While all of the performances of the showcase are hard to compare due to their wide spectrum of genres and exposure, if I had to pick a winner, it would be Epik High. All three members have a palpable energy that flows outward and spills into the audience as effortlessly as the rhymes flow from their mouths. Considered pioneers of hip-hop in Korea, Epik High gave an accordingly historic performance at “K-pop Night Out,” and those in attendence are part of a lucky few who were able to see the Korean music legends in action in such close quarters. Epik High closed out the show with what is arguably one of the best, most passionate performances I have ever seen in K-pop; I’m not sure how “K-pop Night Out” will be able to top this year’s showcase next year, but I’m sure SXSW will find a way.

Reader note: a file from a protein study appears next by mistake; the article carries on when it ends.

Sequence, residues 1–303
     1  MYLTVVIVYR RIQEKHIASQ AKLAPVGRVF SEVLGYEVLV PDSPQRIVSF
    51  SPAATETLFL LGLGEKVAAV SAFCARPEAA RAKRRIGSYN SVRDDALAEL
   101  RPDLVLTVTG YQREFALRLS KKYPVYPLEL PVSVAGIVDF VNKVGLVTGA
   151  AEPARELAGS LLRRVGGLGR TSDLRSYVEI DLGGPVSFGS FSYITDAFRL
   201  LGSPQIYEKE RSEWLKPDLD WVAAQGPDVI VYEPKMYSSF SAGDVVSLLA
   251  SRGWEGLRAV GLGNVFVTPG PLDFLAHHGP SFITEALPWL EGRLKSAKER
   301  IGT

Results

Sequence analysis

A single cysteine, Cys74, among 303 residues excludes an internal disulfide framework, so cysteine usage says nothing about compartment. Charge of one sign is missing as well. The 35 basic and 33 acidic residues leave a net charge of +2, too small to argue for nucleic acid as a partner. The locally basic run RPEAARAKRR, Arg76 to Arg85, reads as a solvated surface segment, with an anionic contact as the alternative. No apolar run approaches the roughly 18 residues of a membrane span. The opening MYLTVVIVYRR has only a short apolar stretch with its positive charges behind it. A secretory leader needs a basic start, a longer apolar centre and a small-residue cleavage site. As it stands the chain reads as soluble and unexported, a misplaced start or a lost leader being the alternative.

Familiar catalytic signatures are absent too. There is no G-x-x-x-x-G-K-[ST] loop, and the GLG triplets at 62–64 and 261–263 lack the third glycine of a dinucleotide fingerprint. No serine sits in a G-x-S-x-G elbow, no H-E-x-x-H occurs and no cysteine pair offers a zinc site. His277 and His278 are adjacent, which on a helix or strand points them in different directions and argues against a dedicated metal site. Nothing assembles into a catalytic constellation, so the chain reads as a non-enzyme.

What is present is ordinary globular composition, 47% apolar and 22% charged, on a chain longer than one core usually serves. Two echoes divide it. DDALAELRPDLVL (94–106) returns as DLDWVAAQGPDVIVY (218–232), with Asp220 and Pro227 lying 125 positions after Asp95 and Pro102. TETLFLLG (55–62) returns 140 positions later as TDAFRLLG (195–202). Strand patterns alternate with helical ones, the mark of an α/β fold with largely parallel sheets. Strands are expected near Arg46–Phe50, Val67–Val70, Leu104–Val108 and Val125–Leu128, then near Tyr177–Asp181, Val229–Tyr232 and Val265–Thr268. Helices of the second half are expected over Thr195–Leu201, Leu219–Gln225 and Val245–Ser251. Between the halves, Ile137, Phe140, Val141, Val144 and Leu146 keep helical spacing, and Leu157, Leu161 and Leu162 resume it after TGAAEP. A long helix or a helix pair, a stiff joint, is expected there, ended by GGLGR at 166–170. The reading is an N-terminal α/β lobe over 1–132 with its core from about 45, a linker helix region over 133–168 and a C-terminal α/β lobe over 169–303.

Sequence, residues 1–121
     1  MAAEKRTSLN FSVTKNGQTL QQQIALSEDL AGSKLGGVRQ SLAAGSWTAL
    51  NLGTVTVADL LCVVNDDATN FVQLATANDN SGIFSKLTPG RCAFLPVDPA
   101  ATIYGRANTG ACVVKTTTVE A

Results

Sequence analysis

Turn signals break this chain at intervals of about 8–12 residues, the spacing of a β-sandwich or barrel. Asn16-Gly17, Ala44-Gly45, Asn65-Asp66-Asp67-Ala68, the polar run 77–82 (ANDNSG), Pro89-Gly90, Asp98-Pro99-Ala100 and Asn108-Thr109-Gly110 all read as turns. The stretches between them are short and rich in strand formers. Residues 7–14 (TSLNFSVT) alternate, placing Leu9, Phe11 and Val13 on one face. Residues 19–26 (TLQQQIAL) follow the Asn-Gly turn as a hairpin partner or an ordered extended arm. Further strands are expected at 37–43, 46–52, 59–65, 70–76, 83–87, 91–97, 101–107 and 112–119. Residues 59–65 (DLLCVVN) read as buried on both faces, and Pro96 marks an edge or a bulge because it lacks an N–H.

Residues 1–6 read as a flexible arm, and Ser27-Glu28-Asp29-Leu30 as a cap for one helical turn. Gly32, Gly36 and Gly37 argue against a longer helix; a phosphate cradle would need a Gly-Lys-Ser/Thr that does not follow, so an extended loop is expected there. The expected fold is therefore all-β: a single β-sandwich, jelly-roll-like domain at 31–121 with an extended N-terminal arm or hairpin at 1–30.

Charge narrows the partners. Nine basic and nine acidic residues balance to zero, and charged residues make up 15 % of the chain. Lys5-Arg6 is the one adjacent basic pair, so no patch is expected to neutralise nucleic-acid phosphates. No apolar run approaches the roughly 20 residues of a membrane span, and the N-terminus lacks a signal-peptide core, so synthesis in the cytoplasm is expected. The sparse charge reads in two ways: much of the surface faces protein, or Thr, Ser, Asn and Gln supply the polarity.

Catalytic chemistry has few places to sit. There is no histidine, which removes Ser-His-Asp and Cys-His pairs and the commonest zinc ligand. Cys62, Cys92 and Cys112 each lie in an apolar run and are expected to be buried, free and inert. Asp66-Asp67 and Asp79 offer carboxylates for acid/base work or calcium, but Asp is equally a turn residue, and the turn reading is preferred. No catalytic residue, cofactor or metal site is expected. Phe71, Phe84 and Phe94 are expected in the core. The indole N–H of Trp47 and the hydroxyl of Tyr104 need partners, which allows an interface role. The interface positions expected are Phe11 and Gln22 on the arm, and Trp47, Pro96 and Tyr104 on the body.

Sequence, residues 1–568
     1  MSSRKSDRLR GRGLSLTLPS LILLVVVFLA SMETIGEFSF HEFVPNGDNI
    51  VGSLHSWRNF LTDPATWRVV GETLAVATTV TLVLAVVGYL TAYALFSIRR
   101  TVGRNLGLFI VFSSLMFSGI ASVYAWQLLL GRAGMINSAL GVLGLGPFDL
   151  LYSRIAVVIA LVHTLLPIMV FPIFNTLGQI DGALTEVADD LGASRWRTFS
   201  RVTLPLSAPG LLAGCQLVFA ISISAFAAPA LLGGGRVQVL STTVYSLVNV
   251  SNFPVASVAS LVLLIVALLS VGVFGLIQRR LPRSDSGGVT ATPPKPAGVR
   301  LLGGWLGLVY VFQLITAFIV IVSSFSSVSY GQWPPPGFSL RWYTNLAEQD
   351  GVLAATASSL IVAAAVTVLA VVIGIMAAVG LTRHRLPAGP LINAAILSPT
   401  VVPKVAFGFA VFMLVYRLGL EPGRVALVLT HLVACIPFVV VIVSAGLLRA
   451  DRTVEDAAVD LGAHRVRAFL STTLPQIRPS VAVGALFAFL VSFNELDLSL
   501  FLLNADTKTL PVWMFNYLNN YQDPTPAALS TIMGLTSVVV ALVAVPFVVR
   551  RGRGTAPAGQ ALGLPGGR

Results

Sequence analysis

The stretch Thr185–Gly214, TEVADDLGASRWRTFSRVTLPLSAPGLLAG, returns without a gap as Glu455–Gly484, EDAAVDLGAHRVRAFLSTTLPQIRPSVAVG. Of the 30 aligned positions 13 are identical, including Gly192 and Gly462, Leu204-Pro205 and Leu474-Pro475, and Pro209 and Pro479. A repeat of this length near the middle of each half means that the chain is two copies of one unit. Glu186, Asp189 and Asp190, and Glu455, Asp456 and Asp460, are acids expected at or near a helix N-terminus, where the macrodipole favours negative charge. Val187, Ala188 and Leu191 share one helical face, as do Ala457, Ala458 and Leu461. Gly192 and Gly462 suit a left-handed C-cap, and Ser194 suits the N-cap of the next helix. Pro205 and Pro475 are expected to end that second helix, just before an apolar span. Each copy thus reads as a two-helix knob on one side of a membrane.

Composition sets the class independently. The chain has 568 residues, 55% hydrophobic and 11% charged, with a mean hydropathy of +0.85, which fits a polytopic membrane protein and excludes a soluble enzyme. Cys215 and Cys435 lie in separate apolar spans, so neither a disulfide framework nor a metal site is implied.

Epik High

All in all, this year’s “K-pop Night Out” was SXSW’s best so far. With a wide variety of acts that excel in their own genres, the showcase had something for everyone; from mainstream girl group fanatics to indie rockers to hip-hop heads and everyone in between, the showcase was curated to appeal to all tastes. As K-pop continues to climb in global popularity, I look forward to seeing more amazing K-pop lineups at SXSW in the coming years.


You can check out all of moonROK’s pictures from this year’s “K-pop Night Out” on our Official Facebook Page.

All images property of moonROK Media, Inc.